This week we take a look at the 10 most popular hacking methods, why you should never pay a ransom to get your files back, and more.
Top 10 most popular hacking methods
Balabit’s recent CSI report has revealed the top 10 most popular hacking methods to aim to help organisations to understand which methods or vulnerabilities attackers are using the most – or taking advantage of – when they want to get sensitive data in the shortest time.
The key finding of the survey is that outsiders want to become insiders with the least possible effort, and insiders help them do so – mostly accidentally.
1. Social engineering (e.g. phishing)
2. Compromised accounts (e.g. weak passwords)
3. Web-based attacks (e.g. SQL/command injection)
4. Client side attacks (e.g. against doc readers, web browsers)
5. Exploit against popular server updates (e.g. OpenSSL, Heartbleed)
6. Unmanaged personal devices (e.g. lack of BYOD policy)
7. Physical intrusion
8. Shadow IT (e.g. users’ personal cloud-based services for business purposes)
9. Managing third party service providers (e.g. outsourced infrastructure)
10. Take advantage of getting data put to the cloud (e.g. IAAS, PAAS)
4 in 10 UK ransomware victims have paid to recover their documents
Bitdefender has discovered that 44 per cent of all ransomware victims in the UK have paid to regain access to their data, and predict this number to rise in the years to come. 39 per cent of victims found it probable or very probable that they will be attacked again in the future.
Catalin Cosoi, chief security strategist at Bitdefender said: “The ransomware phenomenon has been hitting internet users and generating huge profit for cybercriminals for years.
“While victims are usually inclined to pay the ransom, we encourage them not to engage in such actions as it only serves to financially support the malware’s developers. Instead, coupling a security solution with minimum online vigilance could help prevent any unwanted ransomware infection.”
Don’t pay ransomware, no matter how important your business is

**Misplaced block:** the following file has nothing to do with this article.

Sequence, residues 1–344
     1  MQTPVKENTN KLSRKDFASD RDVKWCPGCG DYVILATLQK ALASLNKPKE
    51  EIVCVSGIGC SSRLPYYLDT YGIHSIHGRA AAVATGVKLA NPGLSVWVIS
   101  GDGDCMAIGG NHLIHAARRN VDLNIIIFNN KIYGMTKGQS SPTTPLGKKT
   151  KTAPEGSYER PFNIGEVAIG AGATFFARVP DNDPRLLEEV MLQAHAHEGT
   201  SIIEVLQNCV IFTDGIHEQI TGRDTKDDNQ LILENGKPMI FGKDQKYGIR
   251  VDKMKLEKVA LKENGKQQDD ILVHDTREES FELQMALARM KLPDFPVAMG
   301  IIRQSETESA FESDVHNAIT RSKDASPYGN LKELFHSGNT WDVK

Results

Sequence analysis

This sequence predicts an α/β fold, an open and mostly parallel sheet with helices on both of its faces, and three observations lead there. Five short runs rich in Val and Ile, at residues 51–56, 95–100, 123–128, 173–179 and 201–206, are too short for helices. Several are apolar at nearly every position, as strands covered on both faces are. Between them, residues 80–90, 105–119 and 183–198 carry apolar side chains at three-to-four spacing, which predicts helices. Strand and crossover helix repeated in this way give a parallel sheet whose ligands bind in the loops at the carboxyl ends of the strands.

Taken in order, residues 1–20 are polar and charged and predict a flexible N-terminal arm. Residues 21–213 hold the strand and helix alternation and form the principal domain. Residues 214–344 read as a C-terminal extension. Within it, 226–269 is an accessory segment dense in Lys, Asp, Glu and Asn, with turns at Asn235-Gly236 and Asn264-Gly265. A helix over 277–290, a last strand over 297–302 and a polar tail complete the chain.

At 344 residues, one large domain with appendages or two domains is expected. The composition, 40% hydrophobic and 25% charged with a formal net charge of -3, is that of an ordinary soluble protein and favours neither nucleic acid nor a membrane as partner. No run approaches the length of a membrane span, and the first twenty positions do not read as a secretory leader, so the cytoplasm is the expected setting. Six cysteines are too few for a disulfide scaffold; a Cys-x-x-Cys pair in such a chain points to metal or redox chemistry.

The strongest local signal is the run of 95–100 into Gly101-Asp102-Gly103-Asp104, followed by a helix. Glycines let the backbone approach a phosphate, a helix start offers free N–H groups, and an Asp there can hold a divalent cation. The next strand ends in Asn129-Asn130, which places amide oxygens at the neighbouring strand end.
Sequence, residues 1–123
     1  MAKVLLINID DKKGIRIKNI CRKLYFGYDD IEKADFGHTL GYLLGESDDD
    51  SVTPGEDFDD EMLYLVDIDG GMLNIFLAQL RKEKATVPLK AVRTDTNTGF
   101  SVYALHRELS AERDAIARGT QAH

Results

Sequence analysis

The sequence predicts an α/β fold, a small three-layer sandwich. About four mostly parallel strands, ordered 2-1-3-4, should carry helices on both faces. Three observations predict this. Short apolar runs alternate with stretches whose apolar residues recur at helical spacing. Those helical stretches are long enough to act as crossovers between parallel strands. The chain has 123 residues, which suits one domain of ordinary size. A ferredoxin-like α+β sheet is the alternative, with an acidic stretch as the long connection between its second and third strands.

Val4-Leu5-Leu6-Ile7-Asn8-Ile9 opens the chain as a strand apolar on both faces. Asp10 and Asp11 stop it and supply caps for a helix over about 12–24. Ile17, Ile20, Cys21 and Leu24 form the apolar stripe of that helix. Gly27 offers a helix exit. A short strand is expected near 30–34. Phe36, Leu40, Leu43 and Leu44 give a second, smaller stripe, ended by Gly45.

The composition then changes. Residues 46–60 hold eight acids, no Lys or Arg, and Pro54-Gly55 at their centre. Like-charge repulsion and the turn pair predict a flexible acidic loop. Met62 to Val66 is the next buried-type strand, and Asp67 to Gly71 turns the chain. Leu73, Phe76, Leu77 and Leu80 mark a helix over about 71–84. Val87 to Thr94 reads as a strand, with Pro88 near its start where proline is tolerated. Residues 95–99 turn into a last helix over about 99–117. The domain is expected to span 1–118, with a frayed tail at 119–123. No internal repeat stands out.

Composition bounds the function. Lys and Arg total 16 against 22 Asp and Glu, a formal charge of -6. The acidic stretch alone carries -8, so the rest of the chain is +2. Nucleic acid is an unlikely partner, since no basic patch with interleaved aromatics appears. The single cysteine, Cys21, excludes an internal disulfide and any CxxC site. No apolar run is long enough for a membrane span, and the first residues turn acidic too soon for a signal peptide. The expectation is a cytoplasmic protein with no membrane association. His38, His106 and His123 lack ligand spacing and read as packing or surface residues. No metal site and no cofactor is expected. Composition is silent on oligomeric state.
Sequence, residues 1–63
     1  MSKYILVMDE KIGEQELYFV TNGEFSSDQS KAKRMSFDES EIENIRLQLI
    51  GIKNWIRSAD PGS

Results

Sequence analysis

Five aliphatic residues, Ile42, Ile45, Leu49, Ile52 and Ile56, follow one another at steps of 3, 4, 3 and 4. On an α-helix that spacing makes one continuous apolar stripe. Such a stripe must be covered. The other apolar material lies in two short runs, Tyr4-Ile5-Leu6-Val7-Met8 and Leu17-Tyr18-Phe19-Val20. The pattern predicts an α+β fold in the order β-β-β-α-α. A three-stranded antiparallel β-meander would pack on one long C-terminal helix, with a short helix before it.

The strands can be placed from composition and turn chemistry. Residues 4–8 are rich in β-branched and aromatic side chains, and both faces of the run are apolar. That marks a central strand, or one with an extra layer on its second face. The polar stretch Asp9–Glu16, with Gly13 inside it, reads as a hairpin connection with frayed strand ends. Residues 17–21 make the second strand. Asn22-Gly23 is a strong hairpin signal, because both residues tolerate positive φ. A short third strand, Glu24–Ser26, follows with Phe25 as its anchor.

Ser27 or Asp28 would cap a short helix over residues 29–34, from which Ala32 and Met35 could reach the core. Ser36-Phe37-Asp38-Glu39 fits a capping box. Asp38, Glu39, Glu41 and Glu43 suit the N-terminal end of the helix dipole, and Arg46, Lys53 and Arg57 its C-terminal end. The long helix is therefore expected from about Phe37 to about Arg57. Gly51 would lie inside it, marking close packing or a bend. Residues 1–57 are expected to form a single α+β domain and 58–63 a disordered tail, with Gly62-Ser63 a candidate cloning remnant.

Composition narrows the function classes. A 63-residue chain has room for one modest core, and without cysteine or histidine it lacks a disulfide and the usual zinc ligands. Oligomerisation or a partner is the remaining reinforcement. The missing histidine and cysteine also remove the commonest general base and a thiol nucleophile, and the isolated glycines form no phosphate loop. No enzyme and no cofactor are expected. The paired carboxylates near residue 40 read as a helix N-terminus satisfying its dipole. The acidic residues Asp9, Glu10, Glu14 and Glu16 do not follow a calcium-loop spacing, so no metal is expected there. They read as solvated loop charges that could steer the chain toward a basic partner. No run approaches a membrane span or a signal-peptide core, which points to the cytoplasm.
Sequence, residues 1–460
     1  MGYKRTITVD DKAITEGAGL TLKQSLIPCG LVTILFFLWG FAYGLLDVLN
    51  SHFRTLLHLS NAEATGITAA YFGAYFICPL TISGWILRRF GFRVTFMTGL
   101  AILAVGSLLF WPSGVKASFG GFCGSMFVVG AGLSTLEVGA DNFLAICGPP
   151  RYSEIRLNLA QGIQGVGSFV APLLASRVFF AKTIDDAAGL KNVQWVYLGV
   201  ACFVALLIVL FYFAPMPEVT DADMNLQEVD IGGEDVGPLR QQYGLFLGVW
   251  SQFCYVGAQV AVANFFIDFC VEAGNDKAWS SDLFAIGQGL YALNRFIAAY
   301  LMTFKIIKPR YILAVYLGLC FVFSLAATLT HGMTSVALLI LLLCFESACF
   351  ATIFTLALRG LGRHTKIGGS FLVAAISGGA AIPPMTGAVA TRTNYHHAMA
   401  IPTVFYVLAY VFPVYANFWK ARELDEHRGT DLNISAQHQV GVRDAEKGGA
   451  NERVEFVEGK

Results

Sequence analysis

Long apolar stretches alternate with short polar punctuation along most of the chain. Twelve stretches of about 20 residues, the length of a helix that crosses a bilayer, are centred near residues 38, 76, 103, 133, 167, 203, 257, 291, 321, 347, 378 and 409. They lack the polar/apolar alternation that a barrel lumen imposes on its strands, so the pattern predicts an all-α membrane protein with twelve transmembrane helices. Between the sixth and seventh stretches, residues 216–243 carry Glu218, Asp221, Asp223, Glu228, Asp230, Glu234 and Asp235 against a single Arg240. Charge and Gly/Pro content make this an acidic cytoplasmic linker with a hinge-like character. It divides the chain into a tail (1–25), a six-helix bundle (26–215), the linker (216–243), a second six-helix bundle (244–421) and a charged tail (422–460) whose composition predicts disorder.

Troy Gill, manager of security research at AppRiver, agrees with Cosoi’s advice.
With regards to the news that Hollywood Presbyterian Medical Council paid 40 bitcoins (about $17,000) in ransom to have its systems restored, he commented: "Feeding the fire by paying these guys should be avoided if at all possible. If you’ve been the victim of a ransomware attack, and you’re contemplating paying the ransom, keep in mind that the only reason these thieves keep making these attacks is because people are paying them. If all of the victims stopped paying ransoms, they wouldn’t have a successful business model, whose core objective is to steal your money.
“Also, there is no honour amongst thieves so don’t be surprised if they take your money and never give you the key to unlock your files. Additionally, these thieves are often associated with larger criminal organisations, that use the money to fund their illegal activities, so do you really want to reward them further?"
"Better security and user awareness can help minimise the likelihood of a ransomware infection. Organisations that back up their files, update their software and hardware, and have layered, redundant security, shouldn't find themselves in this predicament."
1 in 5 UK enterprises suffered at least one mobile security breach in 2015
Wandera has a revealed the growing threat of mobile security breaches in UK companies.
In a survey of over 500 IT decision makers in the UK, 18 per cent of respondents reported suffering at least one security breach via a mobile device in the last 12 months, with an average ‘clean up cost’ of £167,000.
In other news:
– Kaspersky Lab has announced the discovery of the Poseidon Group, an advanced threat actor active in global cyber-espionage operations since at least 2005.
– Cyber Security Partners (CSP), a subsidiary of Marketing Source, has launched its new real-time, data-driven, cyber threat detection platform, Zero.
– Symantec has announced that Norton Security won AV-TEST’s coveted “Best Protection Award 2015” for home user security.
Hacker image: Shutterstock